Coming Together for the Day of the Dead
No one was crying at the cemetery.
On November 1st, there were hundreds of people at the Panteón General, a historic cemetery in Oaxaca City, Mexico. Generations of families, young and old, visited the graves of their loved ones.
But there were no tears.
They were strumming guitars and sipping Tecate. They brought brooms to sweep off the year’s debris from tombstones, and flowers, food, and papel picado (paper streamers) to decorate them in a beautiful combination of textures and colors. And there was what I can only describe as a death-themed state fair outside the gates of the Panteón.
My visit to Mexico for the Día de los Muertos (Day of the Dead) challenged my preconceptions about our relationship with loved ones who are no longer with us: in a holiday all about death, I saw not one moment of sadness.
When I started Grieve Leave, I knew I wanted to experience Día de los Muertos as a part of my year of learning. I’d spent much of my career working in education and policies that support Hispanic communities across the US, and I’d studied Spanish and Latin American history. So, I knew that Día de los Muertos had thousands of years of significance in indigenous Mexican cultures, and that the holiday has evolved into something much flashier today. But I wanted to see how grieving and the Day of the Dead intersect. So, I went to Mexico City and Oaxaca City to check it out up-close.
From the moment I landed in Mexico, it became clear that Día de los Muertos is, first and foremost, not just one día: it’s an entire season that focuses on togetherness with the dead. How do you come together with people who are gone, you might wonder? I saw so many moments, big and small, that sat the living and the dead side-by-side, literally and figuratively. And nothing was sad about it.
The big, public parts of the holiday tend to get most of the attention: Mexico City’s parade gathered more than one million spectators this year, for example. (Funnily enough: the city’s parade is only a few years-old—after a James Bond movie in 2015 featured a fictionalized Day of the Dead parade there, Mexico City decided to really do it.) Likewise, many of Oaxaca City’s streets and plazas make way for thousands of revelers, local and tourist. In both cities, skeletons were everywhere: they were painted on people’s faces and murals on the sides of buildings, and there were huge paper mâché skulls adorning the streets. I ate pan de muerto or “death bread” (fun fact: death tastes sweet and airy, who knew?) and I donned cempasúchil (marigold) flower crowns. The smell of the marigolds draped all over the city and on spectators’ heads is intoxicating and meant to lead souls back from their burial places. All of these traditions are intended to center death right alongside life, in celebration.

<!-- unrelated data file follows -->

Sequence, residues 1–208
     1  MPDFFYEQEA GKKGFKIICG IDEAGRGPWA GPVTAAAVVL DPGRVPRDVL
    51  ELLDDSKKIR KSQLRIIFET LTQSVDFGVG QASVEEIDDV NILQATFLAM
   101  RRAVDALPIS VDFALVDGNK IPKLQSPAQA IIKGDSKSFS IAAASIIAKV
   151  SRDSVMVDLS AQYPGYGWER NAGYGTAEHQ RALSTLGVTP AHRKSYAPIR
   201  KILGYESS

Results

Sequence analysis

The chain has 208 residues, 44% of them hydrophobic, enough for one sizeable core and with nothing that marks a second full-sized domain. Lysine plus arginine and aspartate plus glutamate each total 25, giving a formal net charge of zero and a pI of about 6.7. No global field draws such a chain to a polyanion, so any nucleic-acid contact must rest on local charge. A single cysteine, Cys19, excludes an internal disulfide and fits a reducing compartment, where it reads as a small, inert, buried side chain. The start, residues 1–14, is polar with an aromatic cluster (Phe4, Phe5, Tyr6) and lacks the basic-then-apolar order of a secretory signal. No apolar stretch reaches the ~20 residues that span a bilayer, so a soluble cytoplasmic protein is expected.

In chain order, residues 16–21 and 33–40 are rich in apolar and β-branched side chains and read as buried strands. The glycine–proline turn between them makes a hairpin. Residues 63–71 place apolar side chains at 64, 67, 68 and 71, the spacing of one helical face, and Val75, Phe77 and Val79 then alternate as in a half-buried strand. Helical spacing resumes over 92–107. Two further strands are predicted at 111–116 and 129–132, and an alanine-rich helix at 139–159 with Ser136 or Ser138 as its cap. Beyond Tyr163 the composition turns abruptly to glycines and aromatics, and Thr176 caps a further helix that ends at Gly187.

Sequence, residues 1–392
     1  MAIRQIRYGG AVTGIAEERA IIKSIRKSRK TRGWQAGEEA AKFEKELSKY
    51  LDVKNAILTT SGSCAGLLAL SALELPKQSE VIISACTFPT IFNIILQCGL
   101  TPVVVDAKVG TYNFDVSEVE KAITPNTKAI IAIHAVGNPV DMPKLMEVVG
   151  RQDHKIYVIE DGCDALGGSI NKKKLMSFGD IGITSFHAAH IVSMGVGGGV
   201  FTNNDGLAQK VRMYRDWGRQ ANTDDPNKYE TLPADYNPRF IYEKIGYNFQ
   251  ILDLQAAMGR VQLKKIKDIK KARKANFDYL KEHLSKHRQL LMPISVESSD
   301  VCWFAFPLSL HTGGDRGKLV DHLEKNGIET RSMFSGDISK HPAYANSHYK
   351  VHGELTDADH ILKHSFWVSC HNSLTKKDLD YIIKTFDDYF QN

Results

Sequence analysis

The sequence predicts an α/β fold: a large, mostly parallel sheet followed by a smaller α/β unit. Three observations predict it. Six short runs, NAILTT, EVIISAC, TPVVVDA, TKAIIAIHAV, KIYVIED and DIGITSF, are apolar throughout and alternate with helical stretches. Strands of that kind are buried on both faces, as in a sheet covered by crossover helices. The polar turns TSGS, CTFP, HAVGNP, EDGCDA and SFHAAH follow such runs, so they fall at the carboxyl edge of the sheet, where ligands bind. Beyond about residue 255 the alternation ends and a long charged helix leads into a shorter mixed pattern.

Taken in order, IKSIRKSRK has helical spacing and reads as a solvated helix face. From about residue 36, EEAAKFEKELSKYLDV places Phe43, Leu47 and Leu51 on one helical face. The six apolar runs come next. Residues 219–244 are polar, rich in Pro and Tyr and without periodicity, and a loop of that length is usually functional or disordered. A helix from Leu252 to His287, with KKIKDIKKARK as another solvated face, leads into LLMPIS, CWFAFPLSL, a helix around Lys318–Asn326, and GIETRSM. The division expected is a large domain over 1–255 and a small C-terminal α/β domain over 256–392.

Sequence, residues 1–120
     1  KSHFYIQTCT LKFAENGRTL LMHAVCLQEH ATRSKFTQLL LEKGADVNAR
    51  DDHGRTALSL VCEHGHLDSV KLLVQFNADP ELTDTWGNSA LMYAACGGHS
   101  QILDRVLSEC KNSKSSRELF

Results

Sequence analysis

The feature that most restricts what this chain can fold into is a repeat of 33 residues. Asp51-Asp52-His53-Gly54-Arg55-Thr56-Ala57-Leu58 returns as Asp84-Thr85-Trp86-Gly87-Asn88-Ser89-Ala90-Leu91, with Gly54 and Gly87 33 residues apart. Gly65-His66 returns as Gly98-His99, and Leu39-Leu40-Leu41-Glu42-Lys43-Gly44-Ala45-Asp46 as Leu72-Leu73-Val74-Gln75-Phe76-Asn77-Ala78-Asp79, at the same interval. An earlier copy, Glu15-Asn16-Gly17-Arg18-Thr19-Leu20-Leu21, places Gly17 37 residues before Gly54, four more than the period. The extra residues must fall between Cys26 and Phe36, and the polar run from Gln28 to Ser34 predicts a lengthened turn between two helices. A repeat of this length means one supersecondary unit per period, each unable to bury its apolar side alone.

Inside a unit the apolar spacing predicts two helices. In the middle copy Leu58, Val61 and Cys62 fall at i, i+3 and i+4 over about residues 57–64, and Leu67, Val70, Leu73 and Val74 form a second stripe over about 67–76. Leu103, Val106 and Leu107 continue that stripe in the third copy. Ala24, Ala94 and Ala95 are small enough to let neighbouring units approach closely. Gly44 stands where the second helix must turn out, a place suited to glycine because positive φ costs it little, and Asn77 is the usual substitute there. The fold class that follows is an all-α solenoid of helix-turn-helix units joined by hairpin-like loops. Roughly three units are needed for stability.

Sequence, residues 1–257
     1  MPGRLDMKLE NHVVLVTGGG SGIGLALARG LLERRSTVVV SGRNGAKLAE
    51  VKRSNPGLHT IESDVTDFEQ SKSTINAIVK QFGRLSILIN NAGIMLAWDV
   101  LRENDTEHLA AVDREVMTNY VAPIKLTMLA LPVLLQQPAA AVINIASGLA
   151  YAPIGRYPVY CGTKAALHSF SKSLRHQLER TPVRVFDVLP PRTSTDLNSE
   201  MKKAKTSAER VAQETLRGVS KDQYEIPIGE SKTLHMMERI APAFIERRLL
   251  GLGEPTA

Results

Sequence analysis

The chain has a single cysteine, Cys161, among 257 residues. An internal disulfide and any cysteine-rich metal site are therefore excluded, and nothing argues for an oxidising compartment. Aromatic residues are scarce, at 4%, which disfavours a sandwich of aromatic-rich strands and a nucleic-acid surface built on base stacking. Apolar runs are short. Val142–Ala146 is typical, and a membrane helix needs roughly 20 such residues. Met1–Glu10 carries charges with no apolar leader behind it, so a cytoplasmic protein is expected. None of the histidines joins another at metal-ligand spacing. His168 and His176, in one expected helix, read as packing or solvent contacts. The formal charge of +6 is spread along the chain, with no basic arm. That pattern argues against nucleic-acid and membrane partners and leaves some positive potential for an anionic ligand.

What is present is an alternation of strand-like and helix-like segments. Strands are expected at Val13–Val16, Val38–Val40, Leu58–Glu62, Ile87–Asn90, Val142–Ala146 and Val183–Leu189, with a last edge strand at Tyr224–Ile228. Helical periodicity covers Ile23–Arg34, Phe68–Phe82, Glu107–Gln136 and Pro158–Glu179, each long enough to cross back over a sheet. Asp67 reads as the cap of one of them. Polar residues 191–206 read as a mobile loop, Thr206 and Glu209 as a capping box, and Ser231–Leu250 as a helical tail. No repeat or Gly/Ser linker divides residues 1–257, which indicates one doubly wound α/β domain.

But it’s the smaller moments of togetherness that stood out to me most: ofrendas (altars) dedicated to the deceased were in every corner, featuring photos of dead loved ones, flowers, candles, pan de muerto, and the dead person’s favorite foods. Practically every building— homes, restaurants, drug stores, airports, banks, hotels— had an ofrenda at its entrance dedicated to members of that community who had passed. Some were ornate and expansive, while others were small and simple. The whole idea of an ofrenda is to welcome back the dead, and to feed their spirit when they get there. It’s about loving your person in death just as you loved them in life, and to feel them with you, still…
Back in the cemetery in Oaxaca City, many of the individual graves in the Panteón General have marble benches built in for visitors to sit down. The entire site is physically designed for spending time together with the departed. Some graves have actual enclosures, almost like tiny houses, for the purpose of gathering together right there in the cemetery, to be with your loved one. I’ve written this year on my discomfort with cemeteries, but this experience helped me see another side to them: a cemetery can be a place where families come together, with the living gathering comfortably alongside the dead.
In all of these Día de los Muertos moments, big and small, I was reminded of my conversation with my rabbi on Jewish traditions around grief and grieving—my own heritage. Rabbi Soffer told me “…the soul doesn't go away…bodies die, souls are droplets of God.” And he went on to remind me that, according to Jewish tradition, even though my parents are physically gone, their souls are now bound up in me.
That same idea, ultimately, is what I was so lucky to see during my trip for Día de los Muertos. This holiday helps us remember that we are connected to the souls of the people we loved. They are still present, here, with us, in this land of the living, even though their bodies aren’t. We can still come together.
And we don’t have to cry.
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